One of our favorite dial testers, Rich Thau, had a group in New Hampshire of Democrats and indies. And like the CNN and Fox focus groups, his survey had Obama doing the best (in terms of improvement from pre-debate to post-debate; Obama and Edwards tied with the highest post-debate score).
Video: Handicapping the Democratic primary
We asked Thau about one specific moment -- the two answers Clinton and Obama gave to the Bush-Clinton fatigue question. Thau tells First Read: "Clinton spiked to 80 on first sentence about it being a problem Bush was elected in 2000." But: "Proud of husband's record dips to 70s. Any one of us could be a better president than current President spikes back above 80."
Obama: "...who has track record to bring about change" scores at 70."... who can overcome the special interests" spikes to mid 70s (high point of his answer)." So it looks like both answers worked...
The only GOP candidate mentioned last night by name was Mitt Romney. That had to make the folks in Boston smile. They are trying VERY hard to engage the Democrats on a daily basis.
If you thought the debate was centered on Clinton and Obama, you weren't the only one. "Many questions in the nationally televised session were aimed at the two leading candidates, Sen. Hillary Rodham Clinton (N.Y.) and Sen. Barack Obama (Ill.), and they used the forum to challenge each other more directly than they have in past debates."
The format -- not the candidates -- was last night's star, the New York Times says. "Most of the video questions posed in last night's Democratic debate were more memorable than the answers, proving that novices can ask good questions, but not necessarily elicit better answers than professional journalists."
Perhaps the biggest flaw of last night's TV event? The candidates were given the answers to the test. "Because many of the submitted questions -- ranging from health care to predatory lending by banks -- were posted online before the debate, the eight Democratic presidential campaigns were able to view many of the questions ahead of the debate and prepare answers."
The Washington Post's Shales seemed to like the YouTube questions, but was disappointed in the moderator. "Cooper was obsessed with the candidates' keeping answers brief, frequently interrupting them or cutting them off. This impulse, supposedly designed to curb long-windedness, leads to 'debates' that are just collections of quotes and sound bites, like political commercials, and is precisely the kind of thing that has helped trivialize issues and discourage voter interest."
Hotline On Call notes the gender imbalance of the questioners -- 2-1 men vs. women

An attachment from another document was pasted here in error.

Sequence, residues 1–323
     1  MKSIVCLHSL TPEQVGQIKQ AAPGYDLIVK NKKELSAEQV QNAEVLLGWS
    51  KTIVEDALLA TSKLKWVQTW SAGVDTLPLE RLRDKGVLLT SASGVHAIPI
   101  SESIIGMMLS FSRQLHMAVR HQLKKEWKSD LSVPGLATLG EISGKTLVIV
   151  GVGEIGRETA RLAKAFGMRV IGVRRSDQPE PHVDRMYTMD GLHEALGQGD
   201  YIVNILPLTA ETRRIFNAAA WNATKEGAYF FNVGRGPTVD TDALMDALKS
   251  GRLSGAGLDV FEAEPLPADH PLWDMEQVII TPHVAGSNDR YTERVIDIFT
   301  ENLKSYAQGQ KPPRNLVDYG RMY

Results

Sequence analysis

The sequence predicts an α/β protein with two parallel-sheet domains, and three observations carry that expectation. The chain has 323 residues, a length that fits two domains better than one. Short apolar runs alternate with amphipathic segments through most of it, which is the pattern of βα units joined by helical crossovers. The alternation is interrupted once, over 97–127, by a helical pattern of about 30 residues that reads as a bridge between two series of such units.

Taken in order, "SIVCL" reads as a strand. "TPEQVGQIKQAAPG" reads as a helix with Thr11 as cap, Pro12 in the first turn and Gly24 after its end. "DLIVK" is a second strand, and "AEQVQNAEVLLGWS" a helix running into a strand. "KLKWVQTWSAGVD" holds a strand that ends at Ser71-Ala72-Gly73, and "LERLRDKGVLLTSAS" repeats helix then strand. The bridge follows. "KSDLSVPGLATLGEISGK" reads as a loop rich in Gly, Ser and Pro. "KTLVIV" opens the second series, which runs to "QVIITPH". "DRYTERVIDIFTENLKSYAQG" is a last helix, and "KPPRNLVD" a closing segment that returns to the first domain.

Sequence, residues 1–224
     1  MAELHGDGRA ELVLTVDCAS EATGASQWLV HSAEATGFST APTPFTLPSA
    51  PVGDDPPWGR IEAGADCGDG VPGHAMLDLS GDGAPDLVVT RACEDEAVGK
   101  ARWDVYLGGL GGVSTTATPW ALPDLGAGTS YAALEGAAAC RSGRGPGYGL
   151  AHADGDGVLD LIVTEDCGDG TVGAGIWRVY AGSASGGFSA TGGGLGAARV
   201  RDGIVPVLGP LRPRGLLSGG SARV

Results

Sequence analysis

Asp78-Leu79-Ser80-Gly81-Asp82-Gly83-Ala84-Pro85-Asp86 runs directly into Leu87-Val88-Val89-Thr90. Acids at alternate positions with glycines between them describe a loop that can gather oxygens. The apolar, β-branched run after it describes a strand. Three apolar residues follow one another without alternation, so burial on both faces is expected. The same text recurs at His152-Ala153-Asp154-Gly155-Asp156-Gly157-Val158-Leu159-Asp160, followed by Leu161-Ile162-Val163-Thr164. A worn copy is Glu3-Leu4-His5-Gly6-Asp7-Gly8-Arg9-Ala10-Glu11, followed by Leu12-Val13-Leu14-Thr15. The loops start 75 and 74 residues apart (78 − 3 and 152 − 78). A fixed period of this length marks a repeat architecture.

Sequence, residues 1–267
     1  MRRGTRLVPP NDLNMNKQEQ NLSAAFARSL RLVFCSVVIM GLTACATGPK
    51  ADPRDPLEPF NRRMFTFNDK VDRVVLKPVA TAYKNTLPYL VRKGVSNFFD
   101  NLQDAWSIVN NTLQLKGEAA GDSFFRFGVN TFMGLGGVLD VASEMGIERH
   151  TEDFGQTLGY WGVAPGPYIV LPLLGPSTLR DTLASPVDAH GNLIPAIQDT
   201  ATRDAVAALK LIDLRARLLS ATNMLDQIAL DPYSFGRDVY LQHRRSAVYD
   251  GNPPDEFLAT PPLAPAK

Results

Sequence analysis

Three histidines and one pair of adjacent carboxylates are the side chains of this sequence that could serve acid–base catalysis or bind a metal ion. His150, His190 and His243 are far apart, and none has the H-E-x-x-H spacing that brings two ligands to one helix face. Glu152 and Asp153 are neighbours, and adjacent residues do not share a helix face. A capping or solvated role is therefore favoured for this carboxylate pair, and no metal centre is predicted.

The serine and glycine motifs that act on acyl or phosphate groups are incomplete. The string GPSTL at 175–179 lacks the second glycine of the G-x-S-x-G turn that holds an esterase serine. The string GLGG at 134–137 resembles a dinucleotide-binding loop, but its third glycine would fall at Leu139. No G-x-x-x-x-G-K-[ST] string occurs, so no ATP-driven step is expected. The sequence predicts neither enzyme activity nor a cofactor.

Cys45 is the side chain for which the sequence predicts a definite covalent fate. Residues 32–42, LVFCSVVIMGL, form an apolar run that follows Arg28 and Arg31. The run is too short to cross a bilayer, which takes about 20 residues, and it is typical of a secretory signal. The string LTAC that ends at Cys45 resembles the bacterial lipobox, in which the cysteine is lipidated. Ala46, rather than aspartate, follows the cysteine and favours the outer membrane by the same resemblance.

Obama's missed jab… He took a shot at Clinton last night, but because the moderator missed the hit, many of the print reporters buried it. Says the Los Angeles Times in its 15th graph: "It was 'terrific' that Clinton asked the Pentagon about its plans, Obama said. 'I also know that the time for us to ask how we were going to get out of Iraq was before we went in, and that is something that too many of us failed to do,' he said. The partisan audience applauded. Clinton was expressionless."
The NY Post gives the debate to Obama with the headline, "Obama chills Hill: Attacks her over Iraq in Wacky 'snowman' debate."
The upside of the forum: "While some of the questions were on topics routinely raised in candidate forums, others were subjects rarely broached by journalists: whether the candidates had discussed sex education with their children, for one, and if speculation about Al Gore as a presidential contender "had hurt y'all's feelings?"
The Chicago Tribune adds that last night's debate's avoided "being this campaign season's version of a candidate playing saxophone on a talk show, the few dozen amateur questions that co-sponsor CNN selected from among almost 3,000 posted to YouTube led to a relatively lively and informative two hours."
Check out this headline in the Miami Herald: "Obama, Edwards say they would meet with Castro, Chavez." Is that a headline for a candidate who can carry Florida?
The Hartford Courant's Lightman says Dodd "has been a constant critic of past debates, saying he did not get enough time and he was often ignored. By the end of Monday night's … affair, his actual air time still lagged behind front-runners Hillary Clinton and Barack Obama, as well as John Edwards. Dodd got 8 minutes, 39 seconds for his answers, roughly the same as New Mexico Gov. Bill Richardson. But Monday, Dodd did get the first question."
And now for the pundit reviews… Politico's Simon gave the win to Edwards, followed by Clinton and Obama. He liked Edwards' voice raising, thought Clinton was playing not to lose, and that Obama's jabs at Clinton were good but too subtle.
Here's the Wall Street Journal's front-page teaser: "Clinton drove home her readiness to be commander-in-chief, while trading tweaks with Obama and Edwards in a Democratic presidential debate with queries taken from submissions via YouTube."
Iowa columnist Doug Burns scored it big for Clinton. "No longer should the question be: Can a woman be president? With her fourth in a series of crushing Democratic debate performances the question everyone in America should be asking themselves: What have we been missing by eliminating more than half our population from the application process for this job since the late 18th century?"
And the Des Moines Register's Yepsen says "hats off" to CNN and YouTube for the debate format. As far as winners and losers, Yepsen calls Clinton "cool and cogent… Since she's the front-runner, until she stumbles -- or is tripped up -- she'll remain the front-runner." He said Obama and Edwards "played to a draw." He adds that Dodd and Richardson "gained the most." He called Biden's performance "mixed." Kucinich "seems to be a protest candidacy - or an ego trip." "Kooky," "loose cannon" Gravel's attacks "have grown tiresome and have moved beyond constructive criticism."